This version may not be quite as tangy but it is equally rich in flavour.




“Slow-cooked lamb shoulder” ($16.95) is also familiar, with its trademark and super cooked-in-stock rice.

Perhaps it may have been more visually appealing had the meat been browned off a bit.

But as with all places who cook these kinds of lamb cuts this way, I love the undeniable depth of meaty flavour.

And there’s lots of it.




Moving on over to the more Middle Eastern aspects of the menu, mixed grill is a bargain at $12.90.

It comes with the same rice and salad, a “chapati” and a tub of exuberantly garlicky dip.

There’s a skewer apiece of lamb, chicken and …




… lamb kofta, which is served separately as it takes a little while longer to cook.

They’re all terrific.





Meal of the week No.18: Walia Ibex




A lively FB discussion – inspired by a fellow blogger’s story about a Seddon institution and concerning the pros and cons of various Footscray African eateries – has me very much in the mood for injera and the stuff that goes with it.

But I’m not in Footscray.

I’m in Sunshine.

So I very happily hit Walia Ibex (197 Hampshire Road, 9312 3090).

This is a sister enterprise to the one a few blocks away.

That one is, I’m told, dedicated entirely these days to coffee and billiards.

If you want Ethiopian food, it’s to the Hampshire Road one you should head.

And you should.

While I continue to find it surprising that AFAIK this is the sole African eatery hereabouts, based on my profoundly enjoyable lunch, it’s at least a fine thing to know it’s a good one!




It’s a cosy place with an upstairs dining room.

Upon my arrival, the vapid nonsense of commercial TV is blaring forth.

Soon after, the audio is extinguished – leaving me and the other customers happily with just the familiar sounds of low-key, funky Ethiopian jazz.

The longish Walia Ibex menu has all the usual Ethiopian staples, and while I don’t check too closely, there may even be a few unusual items in there.

The standard vegetarian combo of yetesom beyayneto costs $12.




But I’ve a hankering for something lighter, healthier, cheaper – so foul it is.

I know there’s folks who would consider $10 a bit too much to pay for such a humble dish.

But so good is the Walia Ibex rendition that I consider it a bargain.

The creamy beans are hot and plentiful, anointed with onion, tomato, capsicum, egg, cheese and just enough chilli to make things even more interesting.

I’m provided, by request, injera instead of bread.

It’s a magical lunch.

Sometimes, often, that’s how it goes with the simplest of dishes.



All’s well at Awel



Awel African Restaurant Bar & Cafe,  2/250 Hight Street, Melton. Phone: 9746 6483

Ahhh – a free-hearted romp up the highway to Melton.

Somewhere along the way, I’d learned that an African restaurant had been established in Melton.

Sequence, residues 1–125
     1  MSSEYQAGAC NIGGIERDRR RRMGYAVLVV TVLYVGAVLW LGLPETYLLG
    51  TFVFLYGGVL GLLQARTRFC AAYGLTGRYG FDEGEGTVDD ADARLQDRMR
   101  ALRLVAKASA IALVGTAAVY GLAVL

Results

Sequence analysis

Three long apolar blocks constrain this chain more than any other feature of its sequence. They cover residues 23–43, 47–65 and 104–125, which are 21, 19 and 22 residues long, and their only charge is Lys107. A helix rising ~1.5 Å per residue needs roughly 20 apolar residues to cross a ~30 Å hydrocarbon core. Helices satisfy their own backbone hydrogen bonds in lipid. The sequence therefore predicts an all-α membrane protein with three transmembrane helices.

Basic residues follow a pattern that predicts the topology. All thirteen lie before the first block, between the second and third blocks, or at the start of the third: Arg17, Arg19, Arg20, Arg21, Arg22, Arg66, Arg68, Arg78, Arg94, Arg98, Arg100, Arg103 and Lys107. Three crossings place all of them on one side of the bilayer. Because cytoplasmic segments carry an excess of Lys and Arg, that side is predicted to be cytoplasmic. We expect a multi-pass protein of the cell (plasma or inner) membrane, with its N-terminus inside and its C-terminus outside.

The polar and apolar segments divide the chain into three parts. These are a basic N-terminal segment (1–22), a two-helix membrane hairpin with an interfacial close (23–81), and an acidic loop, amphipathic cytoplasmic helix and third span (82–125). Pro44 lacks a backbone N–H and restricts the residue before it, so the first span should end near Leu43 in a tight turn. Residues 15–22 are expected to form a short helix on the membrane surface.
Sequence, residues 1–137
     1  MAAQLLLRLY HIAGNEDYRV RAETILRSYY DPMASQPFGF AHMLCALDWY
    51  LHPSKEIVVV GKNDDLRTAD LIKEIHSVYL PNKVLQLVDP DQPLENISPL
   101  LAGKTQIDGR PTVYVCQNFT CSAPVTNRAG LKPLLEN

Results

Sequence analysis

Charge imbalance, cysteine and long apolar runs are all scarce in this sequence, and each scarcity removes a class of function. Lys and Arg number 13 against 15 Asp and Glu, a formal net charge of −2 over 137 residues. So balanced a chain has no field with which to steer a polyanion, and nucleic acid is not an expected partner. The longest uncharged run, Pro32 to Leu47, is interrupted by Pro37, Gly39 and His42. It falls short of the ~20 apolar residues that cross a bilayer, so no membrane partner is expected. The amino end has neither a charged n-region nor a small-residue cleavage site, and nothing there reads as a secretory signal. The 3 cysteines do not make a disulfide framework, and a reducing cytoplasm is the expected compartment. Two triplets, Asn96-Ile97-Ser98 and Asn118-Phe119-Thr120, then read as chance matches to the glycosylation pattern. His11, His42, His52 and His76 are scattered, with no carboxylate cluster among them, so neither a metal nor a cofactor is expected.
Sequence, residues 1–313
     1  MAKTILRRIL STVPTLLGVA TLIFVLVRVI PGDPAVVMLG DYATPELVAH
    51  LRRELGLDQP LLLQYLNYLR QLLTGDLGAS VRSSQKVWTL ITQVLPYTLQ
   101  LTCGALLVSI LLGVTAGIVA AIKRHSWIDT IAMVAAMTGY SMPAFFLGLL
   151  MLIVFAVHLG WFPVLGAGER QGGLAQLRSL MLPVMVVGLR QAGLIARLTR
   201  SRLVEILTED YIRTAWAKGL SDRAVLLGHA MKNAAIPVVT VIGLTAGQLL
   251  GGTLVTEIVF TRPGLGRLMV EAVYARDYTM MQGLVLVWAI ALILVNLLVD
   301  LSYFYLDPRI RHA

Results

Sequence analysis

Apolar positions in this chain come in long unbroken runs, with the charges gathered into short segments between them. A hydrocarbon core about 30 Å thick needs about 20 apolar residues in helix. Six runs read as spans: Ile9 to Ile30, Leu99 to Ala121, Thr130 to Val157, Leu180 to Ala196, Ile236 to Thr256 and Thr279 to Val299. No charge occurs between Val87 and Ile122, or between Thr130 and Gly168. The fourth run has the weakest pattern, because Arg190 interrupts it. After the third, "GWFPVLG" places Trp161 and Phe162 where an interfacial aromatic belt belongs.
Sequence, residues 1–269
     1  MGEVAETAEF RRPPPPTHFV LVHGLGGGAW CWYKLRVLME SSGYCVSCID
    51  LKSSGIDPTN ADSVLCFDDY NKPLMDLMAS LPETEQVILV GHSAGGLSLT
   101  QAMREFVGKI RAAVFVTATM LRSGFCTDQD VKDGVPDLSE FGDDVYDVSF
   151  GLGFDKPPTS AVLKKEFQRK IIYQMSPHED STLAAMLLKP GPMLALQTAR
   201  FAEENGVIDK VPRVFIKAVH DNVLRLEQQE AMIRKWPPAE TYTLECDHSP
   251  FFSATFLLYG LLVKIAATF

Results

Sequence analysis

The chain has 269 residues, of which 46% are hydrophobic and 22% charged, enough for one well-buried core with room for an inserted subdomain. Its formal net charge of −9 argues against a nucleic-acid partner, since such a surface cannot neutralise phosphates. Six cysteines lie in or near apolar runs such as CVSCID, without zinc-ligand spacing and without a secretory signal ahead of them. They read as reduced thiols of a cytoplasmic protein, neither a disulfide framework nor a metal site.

My impromptu journey is aimed at checking it out.

This is a trip I’ve been wary of undertaking even just a few weeks earlier.

Since then, new tyres all round and a long overdue service had been booked and paid for, so I’m a happy chappy heading into the sunrise.

Especially with Millie Jackon, backed by the pride of Muscle Shoals, wailing at length about the woes of her love life.

Once parked in Melton’s High Street, I find Awel no problem.

The restaurant is a breezy, casual affair, with a different and bright tablecloth on each table.

A couple of those tables are occupied as I peruse the menu.

It’s a mix of Ethiopian dishes – there’s wats and tibs and the like – and dishes I suspect have a Sudanese flavour.




I go Ethiopian, though, with zilzil alicha ($12.90), which is described as diced lamb and seasoned vegetables slowly cooked in a green pepper sauce and seasoned with ginger and jalapenos.

It’s a typical Ethiopian meat dish, like a wet tibs.

The serve looks modest of size but is more than filling enough.

And best of all, it has a big chilli kick of the kind often promised by East African food but not always delivered.

The simple, crunchy salad, for which I am charged a little extra, is very good.

After my dinner, I chat for a good while with Amiol, who runs the restaurant with his wife, who happen to be in Africa catching up with the rellies.

Like her, Amiol is of Sudanese background.

He tells me Awel has been going for about five months and that the reaction of locals has been favourable.

But he is bemused by the outlook of some in the significant Melton East African community.

“In their heads, when it comes to food, they’re still back in Footscray,” her says. “They like our food but say, ‘Oh, if only you were in Footscray …'”